The importance of application timing cannot be overstated. Thistles are normally not visually evident as a problem until flowers are produced. However, the plants are present in the rosette form long before flowers emerge, and early scouting should facilitate early detection and optimum control. Quickly scouting the pastures in late winter (January to March) will reveal the presence of thistles (rosette stage) and allow for an inexpensive herbicide application. If you wait until thistles flower, mowing and/or herbicide options are limited, less effective, and more expensive. Take the time to scout early, because it is the key to better and more economical thistle control.


Wunderlin, R. P., and B. F. Hansen. 2003. Guide to the Vascular Plants of Florida. 2nd Ed. Gainesville: University Press of Florida.

Table 1. 

Identification key (adapted from Guide to the Vascular Plants of Florida).

1. Brown stemmed plants, with stems densely covered with long, soft hairs (mainly found in north Florida)

Blessed thistle (Cnicus benedictus)

1. Green stemmed plants

2. Stems winged with spiny leaf bases that extend downward

3. Stems and leaves covered with dense hairs giving the plant a felt-like appearance (rare)

Scotch thistle (Onopordum acanthium)

3. Stems and leaves coarse with sharp, long spines. Sometimes with sparse hairs on upper and lower leaves

Bull thistle (Cirsium vulgare)

2. Stems with or without wings, with leaf bases that extend downward

4. A secondary set of spiny bracts is present under the flower head (found throughout Florida)

Horrid thistle (Cirsium horridulum)

4. A secondary set of spiny bracts is not present under the flower head

5. Primary bract on flower head lacking an apical spine or with a vestigial spicule about 0.5 mm long (rare)

Swamp thistle (Cirsium muticum)

5. Middle and outer primary bracts tipped with an evident spine approximately 1 mm long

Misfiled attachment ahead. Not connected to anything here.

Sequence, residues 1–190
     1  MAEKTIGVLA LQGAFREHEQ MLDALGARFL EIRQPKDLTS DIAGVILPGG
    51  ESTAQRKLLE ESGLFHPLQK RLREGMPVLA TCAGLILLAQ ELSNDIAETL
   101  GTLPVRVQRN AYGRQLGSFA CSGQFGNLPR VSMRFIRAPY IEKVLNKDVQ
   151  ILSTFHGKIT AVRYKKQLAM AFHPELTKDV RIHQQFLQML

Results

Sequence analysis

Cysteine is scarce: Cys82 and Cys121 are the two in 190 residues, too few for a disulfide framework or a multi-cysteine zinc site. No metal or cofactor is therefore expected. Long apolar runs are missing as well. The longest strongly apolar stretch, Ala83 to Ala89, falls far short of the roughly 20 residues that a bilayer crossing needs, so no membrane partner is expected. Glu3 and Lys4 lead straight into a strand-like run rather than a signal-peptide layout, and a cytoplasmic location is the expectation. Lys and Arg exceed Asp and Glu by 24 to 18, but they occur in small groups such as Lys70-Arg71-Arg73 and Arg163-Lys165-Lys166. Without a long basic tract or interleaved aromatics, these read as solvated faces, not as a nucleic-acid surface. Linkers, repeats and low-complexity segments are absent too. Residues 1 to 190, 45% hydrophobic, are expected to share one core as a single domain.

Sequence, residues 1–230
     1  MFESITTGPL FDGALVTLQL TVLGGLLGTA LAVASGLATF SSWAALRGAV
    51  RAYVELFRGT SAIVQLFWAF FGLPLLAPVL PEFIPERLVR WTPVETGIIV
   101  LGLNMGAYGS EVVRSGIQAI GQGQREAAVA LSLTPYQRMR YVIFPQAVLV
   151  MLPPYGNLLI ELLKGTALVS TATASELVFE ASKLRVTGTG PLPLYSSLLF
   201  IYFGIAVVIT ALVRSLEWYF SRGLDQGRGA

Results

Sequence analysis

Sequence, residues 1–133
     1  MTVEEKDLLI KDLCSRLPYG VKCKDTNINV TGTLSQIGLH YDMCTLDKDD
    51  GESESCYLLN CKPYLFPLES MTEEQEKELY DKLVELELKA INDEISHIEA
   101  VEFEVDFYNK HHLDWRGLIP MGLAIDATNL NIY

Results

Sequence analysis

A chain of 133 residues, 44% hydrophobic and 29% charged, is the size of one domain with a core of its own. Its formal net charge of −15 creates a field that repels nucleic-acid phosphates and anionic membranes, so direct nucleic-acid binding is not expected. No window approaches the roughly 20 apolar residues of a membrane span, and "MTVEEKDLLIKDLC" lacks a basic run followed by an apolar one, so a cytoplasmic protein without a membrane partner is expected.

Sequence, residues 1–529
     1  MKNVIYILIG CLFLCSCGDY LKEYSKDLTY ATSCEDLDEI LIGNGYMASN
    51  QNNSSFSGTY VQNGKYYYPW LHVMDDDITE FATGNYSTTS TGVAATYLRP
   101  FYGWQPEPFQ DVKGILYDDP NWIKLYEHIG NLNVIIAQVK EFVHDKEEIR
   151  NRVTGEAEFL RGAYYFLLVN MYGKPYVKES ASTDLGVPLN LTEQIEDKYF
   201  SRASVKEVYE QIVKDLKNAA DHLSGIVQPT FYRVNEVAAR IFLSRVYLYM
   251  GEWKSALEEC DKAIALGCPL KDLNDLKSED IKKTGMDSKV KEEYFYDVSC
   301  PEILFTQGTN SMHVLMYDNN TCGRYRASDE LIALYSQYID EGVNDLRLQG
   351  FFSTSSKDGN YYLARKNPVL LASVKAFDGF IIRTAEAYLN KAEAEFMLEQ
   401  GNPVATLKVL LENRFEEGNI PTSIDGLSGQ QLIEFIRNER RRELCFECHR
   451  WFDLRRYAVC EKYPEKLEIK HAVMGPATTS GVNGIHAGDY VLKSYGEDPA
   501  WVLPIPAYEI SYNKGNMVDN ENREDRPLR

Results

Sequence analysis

6. Lower leaf surface densely hairy

7. Series of bracts (involucre) 1.5–2.5 cm high, with individual bracts secreting a sticky substance on the central ridge (rare)

Virginia thistle (Cirsium virginianum)

7. Series of bracts (involucre) 2–4 cm high, with individual bracts not secreting a sticky substance (rare)

Tall thistle (Cirsium altissimum)

6. Lower leaf surface with sparse hairs or lacking hairs

8. Plant usually with much branching when flowering (found throughout)

Nuttall's thistle (Cirsium nuttallii)

8. Plant unbranched or with only a few branches when flowering (found occasionally)

Le Conte's thistle (Cirsium lecontei)

Table 2. 

Control of thistle at three growth stages with common pasture herbicides.



Thistle Growth Stage





――――% control――――


2 qt/A





0.3 oz/A





2 pt/A




Remedy Ultra

2 pt/A




Pasturegard HL

1.5 pt/A




GrazonNext HL

1.0 pt/A




a Approximate herbicide costs.

b The rosette stage is when the thistle forms a low-growing ring of leaves.

c The bolting stage is when the thistle forms a stalk and prepares to flower.

For use in bermudagrass, stargrass, or limpograss only; do not use in bahiagrass.

Publication #SS-AGR-95

Release Date:December 14, 2022

Related Experts

Ferrell, Jason A.


University of Florida

Sellers, Brent A.


University of Florida

Devkota, Pratap

University of Florida

Related Units


About this Publication

This document is SS-AGR-95, one of a series of the Agronomy Department, UF/IFAS Extension. Original publication date May 2006. Revised November 2019 and December 2022. Visit the EDIS website at for the currently supported version of this publication.

About the Authors

Brent Sellers, assistant professor, Agronomy Department, UF/IFAS Range Cattle Research and Education Center; Pratap Devkota, assistant professor, Agronomy Department, UF/IFAS West Florida REC; and Jason Ferrell, associate professor, Agronomy Department; UF/IFAS Extension, Gainesville, FL 32611.


  • Brent Sellers